Synapse 1.32.2 is out! Synapse now requires Python 3.6 (or later) and we've made a few small changes which you should be aware of before upgrading. These are documented in the upgrade notes.

Note: We scrubbed the releases of Synapse 1.32.0 and 1.32.1 as we discovered a pair of regressions including a bug with Prometheus metrics after tagging the release. These have been resolved.

On Monday, humankind flew a helicopter on Mars. And while our pursuit of Space(s) is considerably more modest, it is nevertheless progressing apace: Synapse 1.32 includes an experimental implementation of MSC3083.

This release also includes a new Synapse module for routing of presence updates, which can allow devices to share presence information without requiring that they also share a room. Please note there are some nuances to worker configuration when using this module which we hope to iron out in a future release.

The Admin API is newly able to manage rate limits, and the user listing endpoint can finally sort its results by a variety of criteria.

Otherwise, this is again a very internals-focused release: many additional type hints, improvements to structured logging, and small cleanups, especially those possible now that we've left Python 3.5 behind. We've made changes to how we check whether accounts are exempt from rate limits to avoid cases where we mistakenly applied limits to Application Services which should have been exempt, and we've fixed a bug with sharded federation senders which could occasionally pin the CPU.

See the Upgrading Instructions and Release Notes for further information.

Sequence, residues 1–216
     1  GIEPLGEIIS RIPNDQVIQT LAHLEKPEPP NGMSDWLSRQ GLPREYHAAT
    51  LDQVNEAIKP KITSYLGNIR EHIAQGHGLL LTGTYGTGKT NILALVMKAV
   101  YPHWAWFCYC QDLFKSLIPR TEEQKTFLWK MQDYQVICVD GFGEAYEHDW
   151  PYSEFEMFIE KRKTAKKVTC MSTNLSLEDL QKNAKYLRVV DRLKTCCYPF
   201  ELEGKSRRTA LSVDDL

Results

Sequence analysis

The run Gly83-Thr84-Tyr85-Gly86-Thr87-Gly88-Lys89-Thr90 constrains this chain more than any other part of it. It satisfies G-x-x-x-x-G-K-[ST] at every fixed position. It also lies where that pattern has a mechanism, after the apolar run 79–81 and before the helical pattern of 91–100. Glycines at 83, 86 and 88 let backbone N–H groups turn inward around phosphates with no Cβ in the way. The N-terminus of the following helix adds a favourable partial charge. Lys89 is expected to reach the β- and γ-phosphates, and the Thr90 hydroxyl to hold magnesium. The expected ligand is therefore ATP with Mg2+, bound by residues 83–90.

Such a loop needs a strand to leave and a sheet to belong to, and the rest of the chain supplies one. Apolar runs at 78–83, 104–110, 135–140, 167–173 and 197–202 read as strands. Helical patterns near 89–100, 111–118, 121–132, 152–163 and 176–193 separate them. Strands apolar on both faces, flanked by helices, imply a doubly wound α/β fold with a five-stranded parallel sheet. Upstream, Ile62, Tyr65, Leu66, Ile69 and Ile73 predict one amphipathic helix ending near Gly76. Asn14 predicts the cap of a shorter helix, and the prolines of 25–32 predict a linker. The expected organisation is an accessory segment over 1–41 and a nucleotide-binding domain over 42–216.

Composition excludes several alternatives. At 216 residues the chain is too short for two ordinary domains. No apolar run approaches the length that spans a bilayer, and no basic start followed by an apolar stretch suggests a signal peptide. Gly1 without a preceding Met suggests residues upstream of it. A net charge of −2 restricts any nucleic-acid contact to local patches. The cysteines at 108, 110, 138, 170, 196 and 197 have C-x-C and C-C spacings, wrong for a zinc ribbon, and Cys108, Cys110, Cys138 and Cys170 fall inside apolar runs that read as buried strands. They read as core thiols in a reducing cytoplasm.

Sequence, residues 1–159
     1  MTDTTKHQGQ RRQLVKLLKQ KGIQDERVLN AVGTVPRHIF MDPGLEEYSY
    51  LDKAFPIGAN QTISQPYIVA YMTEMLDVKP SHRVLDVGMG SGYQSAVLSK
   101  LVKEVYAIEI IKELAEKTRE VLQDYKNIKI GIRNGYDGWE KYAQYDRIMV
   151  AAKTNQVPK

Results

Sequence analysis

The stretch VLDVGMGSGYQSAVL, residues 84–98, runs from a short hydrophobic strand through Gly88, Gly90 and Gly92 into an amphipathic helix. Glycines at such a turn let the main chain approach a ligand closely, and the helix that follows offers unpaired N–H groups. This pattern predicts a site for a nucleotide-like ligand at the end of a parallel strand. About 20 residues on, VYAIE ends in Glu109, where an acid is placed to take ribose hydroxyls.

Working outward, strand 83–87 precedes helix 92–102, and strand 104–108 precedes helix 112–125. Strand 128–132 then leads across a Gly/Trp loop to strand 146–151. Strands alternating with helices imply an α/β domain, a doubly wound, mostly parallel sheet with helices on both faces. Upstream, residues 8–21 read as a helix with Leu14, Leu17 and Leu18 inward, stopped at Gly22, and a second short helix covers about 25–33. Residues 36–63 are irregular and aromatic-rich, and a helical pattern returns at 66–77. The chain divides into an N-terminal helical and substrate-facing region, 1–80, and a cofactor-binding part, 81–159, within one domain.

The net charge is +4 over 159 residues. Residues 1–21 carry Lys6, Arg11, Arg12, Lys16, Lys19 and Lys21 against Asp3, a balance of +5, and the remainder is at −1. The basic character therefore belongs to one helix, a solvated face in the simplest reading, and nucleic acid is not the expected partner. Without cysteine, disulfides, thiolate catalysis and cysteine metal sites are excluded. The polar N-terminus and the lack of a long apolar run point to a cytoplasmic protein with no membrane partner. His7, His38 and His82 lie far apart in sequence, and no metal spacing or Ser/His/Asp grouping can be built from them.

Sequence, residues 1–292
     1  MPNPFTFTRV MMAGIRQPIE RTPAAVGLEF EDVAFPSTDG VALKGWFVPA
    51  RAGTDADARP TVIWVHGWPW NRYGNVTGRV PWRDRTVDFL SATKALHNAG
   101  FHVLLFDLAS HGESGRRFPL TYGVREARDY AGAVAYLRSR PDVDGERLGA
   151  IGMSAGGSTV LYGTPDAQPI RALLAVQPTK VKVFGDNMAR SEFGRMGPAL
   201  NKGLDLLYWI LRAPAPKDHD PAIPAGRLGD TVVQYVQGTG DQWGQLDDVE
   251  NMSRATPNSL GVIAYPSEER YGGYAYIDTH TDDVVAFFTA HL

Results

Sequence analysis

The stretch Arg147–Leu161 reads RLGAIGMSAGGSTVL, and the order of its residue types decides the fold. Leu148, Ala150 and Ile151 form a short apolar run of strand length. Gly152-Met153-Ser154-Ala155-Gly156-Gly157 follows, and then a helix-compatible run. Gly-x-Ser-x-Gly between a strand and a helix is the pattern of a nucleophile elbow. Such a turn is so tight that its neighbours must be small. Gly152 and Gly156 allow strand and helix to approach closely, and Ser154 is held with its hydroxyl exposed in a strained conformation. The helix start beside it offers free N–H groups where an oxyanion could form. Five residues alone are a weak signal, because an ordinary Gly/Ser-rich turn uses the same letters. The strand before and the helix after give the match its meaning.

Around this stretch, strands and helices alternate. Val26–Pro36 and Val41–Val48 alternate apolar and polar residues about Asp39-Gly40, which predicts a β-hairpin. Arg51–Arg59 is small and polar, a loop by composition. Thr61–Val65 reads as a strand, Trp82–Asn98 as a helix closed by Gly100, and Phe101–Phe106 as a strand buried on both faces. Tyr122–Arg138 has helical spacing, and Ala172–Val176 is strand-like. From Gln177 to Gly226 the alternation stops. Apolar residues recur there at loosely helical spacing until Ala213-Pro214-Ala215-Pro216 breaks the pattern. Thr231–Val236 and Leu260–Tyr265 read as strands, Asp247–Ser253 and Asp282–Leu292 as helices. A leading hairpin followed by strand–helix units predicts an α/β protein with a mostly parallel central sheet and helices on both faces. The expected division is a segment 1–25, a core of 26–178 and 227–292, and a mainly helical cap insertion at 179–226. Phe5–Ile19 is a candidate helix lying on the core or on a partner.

Thank You

Synapse is a Free and Open Source Software project, and we'd like to extend our thanks to everyone who contributed to this release, including dklimpel, languitar, ShadowJonathan, and xmunoz.

Synapse 1.31.0 released

07.04.2021 00:00 — Releases Dan Callahan

We've released Synapse 1.31.0!

Mainly internal changes this time (type hints, code lints, etc.) but we've also landed some initial work on MSC2946: Spaces Summary. And speaking of MSCs, Synapse 1.31 has an experimental flag which can enable support for the draft MSC3026: "busy" presence state.

Synapse 1.31 can now restrict OpenID Connect logins based on userinfo attributes (Thanks, HubbeKing!).

This release fixes a rare infinite loop when fetching cross-signing keys or handling device list updates, and further improves the speed of federation catchup. It also makes Admin APIs around user reactivation behave correctly when account passwords are disabled.

See the Release Notes for further information.

The Final Python 3.5 Release

This is the last release of Synapse to support Python 3.5 or PostgreSQL 9.5, and the last release of official packages for Debian 9 (Stretch) and Ubuntu 16.04 LTS (Xenial).

Future releases of Synapse will follow upstream end-of-life dates for Python and Postgres.

Accordingly, we anticipate ending support for Python 3.6 and PostgreSQL 9.6 in December of this year. We will also cease producing packages for Ubuntu 18.04 LTS (Bionic) at that time.

Thank You

Synapse is a Free and Open Source Software project, and we'd like to extend our thanks to everyone who contributed to this release, including ankitdobhal, blakehawkins, dklimpel, fuzzmz, HubbeKing, languitar, sandhose, and ShadowJonathan.